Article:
All YouTube filmmaking tricks and tropes aside though, Abrams secret little movie, hyped right into the stratosphere upon the blogosphere, finally makes its big bang on the big screen and we must ask ourselves - this is all we get? 84 minutes of a bunch of interchangeable white-bread nitwits running around lower Manhattan trying not to get eaten by the big scary monster that may be worse than the Nazis even!? Trying to be so hip it hurts - so hip that J.J. and his posse want to scream it from the tops of the tallest skyscrapers in New York if they hadn't already levelled them all in their F/X fuck fest - what we get instead is the most banal of anti-archetypes fending for their lives throughout the streets and tunnels of this drudgingly middle-of-the-road anti-spectacle.

Manohla Dargis of the NY Times talked of the characters being so boring she was rooting for the monster and Nathan Lee of the Village Voice exclaimed "death to the shallow, unlikable heroes!". Hell, we never even get that great a look at the monster itself until the very end, which under different circumstances may make for a much more intense form of terror, but here is just waylaid in place of a reality-TV-like take on the modern monster movie. And again, just like reality-TV and all those zombiefied Stepford husbands and wives that keep the shows coming back year after year, season after season, we are left with the most average of motion pictures. Not good enough to be thought a breakthrough and not bad enough to be bellowed at in any fun Mystery Science Theatre 3000 kind of way. Merely mediocre.

Then again, we could always discuss the inconsistencies of the movie. Like why doesn't Hud put down the damn camera when the girl he has lusted after for so long is being attacked by some sort of mutant alien spider who has apparently mistaken her for Sigourney Weaver or why after semi-devouring one character, the monster suddenly vanishes so as to give the other characters time to swoop in and mourn their friend or how our intrepid heroes manage to travel the number 6 train tunnel from Spring Street to 59th Street in such a speedy fashion (if at all) or why every time the camera is dropped it conveniently falls facing the action and never once breaks or runs out of battery power or tape or how the hell the camera survives the destruction of Manhattan in order to be "shown" as a testimonial of what went down on the fateful day in New York in the first place.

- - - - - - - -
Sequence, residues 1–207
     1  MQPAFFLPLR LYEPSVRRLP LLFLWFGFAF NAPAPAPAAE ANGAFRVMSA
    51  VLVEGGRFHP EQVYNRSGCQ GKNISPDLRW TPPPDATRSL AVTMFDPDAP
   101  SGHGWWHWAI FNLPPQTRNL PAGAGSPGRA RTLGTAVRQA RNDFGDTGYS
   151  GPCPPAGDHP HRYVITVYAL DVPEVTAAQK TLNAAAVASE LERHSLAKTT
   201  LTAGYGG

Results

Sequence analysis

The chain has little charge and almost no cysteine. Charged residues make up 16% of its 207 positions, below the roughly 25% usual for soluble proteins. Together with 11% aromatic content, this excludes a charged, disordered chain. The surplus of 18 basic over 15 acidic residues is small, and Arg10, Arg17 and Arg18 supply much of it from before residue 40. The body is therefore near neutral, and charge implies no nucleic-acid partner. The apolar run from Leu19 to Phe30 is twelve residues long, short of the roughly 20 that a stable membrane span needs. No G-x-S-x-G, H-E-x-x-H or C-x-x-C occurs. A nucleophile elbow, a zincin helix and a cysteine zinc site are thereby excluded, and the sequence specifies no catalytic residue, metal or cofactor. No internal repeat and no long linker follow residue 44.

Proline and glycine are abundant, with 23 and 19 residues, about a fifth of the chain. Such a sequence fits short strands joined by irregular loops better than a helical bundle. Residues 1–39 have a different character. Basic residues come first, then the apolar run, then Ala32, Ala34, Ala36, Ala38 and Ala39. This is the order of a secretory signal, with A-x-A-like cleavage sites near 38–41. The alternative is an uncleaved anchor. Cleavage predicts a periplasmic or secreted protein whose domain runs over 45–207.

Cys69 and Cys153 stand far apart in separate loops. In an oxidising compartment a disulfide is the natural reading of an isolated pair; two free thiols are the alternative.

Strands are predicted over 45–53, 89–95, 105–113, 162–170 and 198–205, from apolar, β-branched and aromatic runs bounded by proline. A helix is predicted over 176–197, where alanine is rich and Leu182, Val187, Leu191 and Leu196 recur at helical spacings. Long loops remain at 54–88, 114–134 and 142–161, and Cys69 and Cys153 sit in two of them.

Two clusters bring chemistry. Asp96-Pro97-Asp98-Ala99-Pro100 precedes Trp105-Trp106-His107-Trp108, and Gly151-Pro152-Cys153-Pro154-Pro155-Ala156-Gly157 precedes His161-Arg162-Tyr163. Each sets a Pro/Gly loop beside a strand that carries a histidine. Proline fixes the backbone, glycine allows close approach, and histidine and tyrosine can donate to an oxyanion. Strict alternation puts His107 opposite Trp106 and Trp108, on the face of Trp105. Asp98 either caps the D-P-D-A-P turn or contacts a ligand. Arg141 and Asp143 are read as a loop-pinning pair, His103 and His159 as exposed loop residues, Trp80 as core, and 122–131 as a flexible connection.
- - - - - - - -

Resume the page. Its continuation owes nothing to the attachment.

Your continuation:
We could do all that but then horror movies have always been chock full of such delectable little nuggets of character stupidities. If my house began bleeding and told me to get out, guess what? I am down at the post office filling out a change of address card! Or if there is a noise in the darkened attic and three people have already been murdered, guess who is NOT going in that attic!! Anyway, I digress. For all its inherited stupidities, Abrams attack-on-New York megaplexer is just another piece of slickly-tried pulp nowhere near the heights of its precursor big daddies Godzilla and King Kong yet also nowhere near the pits of someone like M. Night Shyamalan and his ridiculous dawdles of blasé bullshit. Happenstancely pedestrian in every way.

Truth be told though, I was actually kind of hoping for this to be a bad movie - a really bad movie. A really really really bad movie. Then I could toss all my acerbic critical wit at the problem and call it a day, feeling every bit the bad boy, as if I were the critical Jesse James or James Dean. But alas, the movie was not bad after all (just run-of-the-mill trying to be thought of as edgy) and all my acid-tongued insults are laid to waste just as Manhattan was in Abrams' "Fuck You" mega monster mediocrity known as Cloverfield. But not to worry for I still have Harry Knowles to lob critical bombs at - and with a target like that how could I miss. [01/19/08]